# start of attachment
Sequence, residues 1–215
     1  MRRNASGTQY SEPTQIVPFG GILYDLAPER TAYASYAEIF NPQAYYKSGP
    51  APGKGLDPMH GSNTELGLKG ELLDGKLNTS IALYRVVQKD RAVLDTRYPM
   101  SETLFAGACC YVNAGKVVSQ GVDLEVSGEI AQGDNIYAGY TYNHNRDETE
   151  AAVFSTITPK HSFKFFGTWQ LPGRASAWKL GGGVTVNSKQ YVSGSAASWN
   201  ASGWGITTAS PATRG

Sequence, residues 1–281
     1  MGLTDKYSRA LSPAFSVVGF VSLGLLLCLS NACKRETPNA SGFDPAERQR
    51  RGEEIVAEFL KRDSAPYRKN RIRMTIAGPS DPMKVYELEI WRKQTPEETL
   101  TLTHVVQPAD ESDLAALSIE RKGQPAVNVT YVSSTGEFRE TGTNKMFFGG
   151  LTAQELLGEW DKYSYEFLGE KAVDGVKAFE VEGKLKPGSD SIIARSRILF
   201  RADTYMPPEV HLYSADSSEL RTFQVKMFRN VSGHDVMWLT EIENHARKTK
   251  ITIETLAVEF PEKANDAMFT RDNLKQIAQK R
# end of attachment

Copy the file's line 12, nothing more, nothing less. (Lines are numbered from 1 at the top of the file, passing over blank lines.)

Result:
   201  RADTYMPPEV HLYSADSSEL RTFQVKMFRN VSGHDVMWLT EIENHARKTK